[Sca-cooks] cow butter?
t.d.decker at att.net
Thu Jun 3 04:49:56 PDT 2010
> Guillaume posted two recipes from "Nuevo Arte de Cocina" which might be
> for fur seals, although I'm not sure that the directions for cooking a fur
> seal and a pike fish would be combined. The two animals seem so different.
As I recall, dietary rules made some very odd determinations as to what were
"fish." Taxonomic distinctions that are normal for you and I are largely a
product of the 18th Century.
> Another thing in the recipe that has me wondering is the mention of "cow
> butter". Is there no general term for "butter" in Spanish? Or do recipes
> tend to call out specific types of butter?
Manteca or mantequilla, although, I believe, here in the U.S. you are more
likely to encounter manteca being used as the short form of manteca de cerdo
or lard. I would say the cook is being very specific about the butter to
achieve a certain effect.
> Other than things like salted butter or unsalted butter, (well and
> Icelandic fermented butter, which we've discussed), I didn't realize that
> there were different types of butter from different animals. I know that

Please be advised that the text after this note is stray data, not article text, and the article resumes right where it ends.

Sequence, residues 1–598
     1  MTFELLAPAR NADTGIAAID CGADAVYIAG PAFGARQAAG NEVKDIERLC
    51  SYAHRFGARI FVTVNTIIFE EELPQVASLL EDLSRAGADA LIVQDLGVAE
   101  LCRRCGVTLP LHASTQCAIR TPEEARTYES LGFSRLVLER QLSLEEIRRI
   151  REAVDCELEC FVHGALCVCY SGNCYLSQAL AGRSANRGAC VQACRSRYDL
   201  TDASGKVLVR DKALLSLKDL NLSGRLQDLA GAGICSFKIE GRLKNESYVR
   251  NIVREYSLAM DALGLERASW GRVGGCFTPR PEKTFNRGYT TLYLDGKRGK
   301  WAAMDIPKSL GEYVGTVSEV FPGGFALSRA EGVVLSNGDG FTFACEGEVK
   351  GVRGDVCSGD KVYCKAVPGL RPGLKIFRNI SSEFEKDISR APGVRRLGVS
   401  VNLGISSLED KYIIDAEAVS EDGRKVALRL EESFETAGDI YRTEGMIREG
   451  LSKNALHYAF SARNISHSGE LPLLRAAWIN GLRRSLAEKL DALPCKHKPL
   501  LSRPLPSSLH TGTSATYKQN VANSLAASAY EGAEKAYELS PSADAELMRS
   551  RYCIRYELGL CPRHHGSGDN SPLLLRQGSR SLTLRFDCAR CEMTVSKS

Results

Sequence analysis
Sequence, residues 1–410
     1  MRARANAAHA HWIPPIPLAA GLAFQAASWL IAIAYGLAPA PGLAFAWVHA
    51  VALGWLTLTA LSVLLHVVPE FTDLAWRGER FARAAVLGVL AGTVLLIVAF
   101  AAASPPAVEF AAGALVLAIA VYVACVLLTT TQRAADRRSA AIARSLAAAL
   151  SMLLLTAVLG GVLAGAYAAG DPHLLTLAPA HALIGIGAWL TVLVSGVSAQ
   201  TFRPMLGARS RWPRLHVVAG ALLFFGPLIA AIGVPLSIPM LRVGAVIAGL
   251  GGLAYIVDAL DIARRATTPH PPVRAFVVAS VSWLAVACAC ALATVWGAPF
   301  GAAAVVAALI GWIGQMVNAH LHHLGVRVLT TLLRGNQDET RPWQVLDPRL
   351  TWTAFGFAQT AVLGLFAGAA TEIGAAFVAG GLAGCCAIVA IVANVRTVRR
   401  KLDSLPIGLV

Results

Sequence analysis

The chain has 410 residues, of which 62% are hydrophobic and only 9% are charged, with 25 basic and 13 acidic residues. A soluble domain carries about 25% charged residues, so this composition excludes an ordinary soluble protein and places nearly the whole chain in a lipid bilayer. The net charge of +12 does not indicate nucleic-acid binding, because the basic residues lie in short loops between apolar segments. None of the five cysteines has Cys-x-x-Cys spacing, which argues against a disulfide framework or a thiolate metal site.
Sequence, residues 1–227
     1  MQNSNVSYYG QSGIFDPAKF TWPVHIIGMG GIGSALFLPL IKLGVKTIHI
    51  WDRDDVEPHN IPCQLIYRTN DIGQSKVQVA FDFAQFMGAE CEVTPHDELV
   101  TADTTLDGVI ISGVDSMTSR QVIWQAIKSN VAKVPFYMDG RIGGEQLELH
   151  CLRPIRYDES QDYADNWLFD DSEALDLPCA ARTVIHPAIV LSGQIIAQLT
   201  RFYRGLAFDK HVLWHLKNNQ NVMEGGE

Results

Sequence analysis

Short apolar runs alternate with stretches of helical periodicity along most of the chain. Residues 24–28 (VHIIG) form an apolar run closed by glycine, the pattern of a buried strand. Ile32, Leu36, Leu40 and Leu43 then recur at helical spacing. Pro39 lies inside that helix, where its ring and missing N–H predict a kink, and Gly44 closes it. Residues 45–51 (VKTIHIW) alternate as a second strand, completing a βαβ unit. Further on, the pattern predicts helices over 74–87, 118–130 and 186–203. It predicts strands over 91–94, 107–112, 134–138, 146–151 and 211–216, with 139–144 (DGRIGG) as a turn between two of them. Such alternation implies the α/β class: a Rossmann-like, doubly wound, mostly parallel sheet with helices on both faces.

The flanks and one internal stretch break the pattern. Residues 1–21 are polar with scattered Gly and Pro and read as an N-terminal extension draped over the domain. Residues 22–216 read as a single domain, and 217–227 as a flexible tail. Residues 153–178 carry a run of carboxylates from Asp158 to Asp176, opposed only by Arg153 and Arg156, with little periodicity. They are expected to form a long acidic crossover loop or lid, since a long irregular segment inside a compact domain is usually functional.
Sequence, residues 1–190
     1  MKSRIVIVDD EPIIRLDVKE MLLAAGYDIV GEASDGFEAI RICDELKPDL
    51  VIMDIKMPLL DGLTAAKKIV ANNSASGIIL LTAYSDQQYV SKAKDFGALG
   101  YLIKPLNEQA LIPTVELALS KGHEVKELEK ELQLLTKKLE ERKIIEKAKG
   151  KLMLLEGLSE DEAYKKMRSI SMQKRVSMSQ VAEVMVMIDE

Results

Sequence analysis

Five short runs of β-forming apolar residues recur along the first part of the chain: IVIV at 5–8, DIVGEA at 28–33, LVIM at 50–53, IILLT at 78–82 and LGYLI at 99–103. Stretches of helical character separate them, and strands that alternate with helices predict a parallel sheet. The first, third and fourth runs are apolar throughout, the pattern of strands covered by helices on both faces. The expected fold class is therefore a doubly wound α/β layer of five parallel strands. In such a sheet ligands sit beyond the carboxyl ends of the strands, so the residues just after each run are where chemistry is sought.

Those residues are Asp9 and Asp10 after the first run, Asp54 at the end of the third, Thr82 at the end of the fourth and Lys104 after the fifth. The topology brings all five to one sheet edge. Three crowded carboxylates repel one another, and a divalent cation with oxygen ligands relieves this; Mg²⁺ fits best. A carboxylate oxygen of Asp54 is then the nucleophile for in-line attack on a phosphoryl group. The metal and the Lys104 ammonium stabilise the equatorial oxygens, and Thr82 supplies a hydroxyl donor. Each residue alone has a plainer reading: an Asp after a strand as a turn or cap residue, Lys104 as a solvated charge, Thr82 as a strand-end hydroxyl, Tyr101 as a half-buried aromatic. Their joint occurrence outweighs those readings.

> cheese is often made from sheep's milk or goat's milk, but I've not heard
> of goat or sheep butter before. I don't remember seeing other butters in
> my grocery store. But maybe it is available in some ethnic stores?
Butter type is largely a cultural thing based on the most common
domesticated animals in a culture. Butter has been produced from cows,
sheep, goats, water buffalos, yaks, and even camels. The general
American/European bias toward cow butter is most probably an artifact of
availability, quantity, and fat content. The French, being their contrarian
Gallic selves, also produce goat butter (IIRC).
> Do we see "sheep" or "goat" butter called out in some medieval recipes?
> Are there certain milks which won't coagulate into butter? What about
> human milk?
Butter is made from cream rather than milk and is a condensed, emulsified
fat. ISTR, that there are mammal milks which do not contain enough fat to
make cream and that human milk is among them, but I would suggest
researching that rather than take my spotty memories as gospel.
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